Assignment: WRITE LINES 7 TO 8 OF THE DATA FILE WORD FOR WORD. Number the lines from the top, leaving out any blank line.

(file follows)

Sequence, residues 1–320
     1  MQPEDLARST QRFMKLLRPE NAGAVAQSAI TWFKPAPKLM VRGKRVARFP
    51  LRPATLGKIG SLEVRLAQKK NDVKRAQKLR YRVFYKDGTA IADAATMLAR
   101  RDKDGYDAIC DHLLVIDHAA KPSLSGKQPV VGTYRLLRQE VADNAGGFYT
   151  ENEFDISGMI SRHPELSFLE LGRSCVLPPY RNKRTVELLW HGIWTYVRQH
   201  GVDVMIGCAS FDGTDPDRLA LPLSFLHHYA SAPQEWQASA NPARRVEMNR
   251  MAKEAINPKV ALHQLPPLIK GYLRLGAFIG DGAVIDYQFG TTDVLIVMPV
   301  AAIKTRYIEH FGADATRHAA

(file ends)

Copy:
   251  MAKEAINPKV ALHQLPPLIK GYLRLGAFIG DGAVIDYQFG TTDVLIVMPV
   301  AAIKTRYIEH FGADATRHAA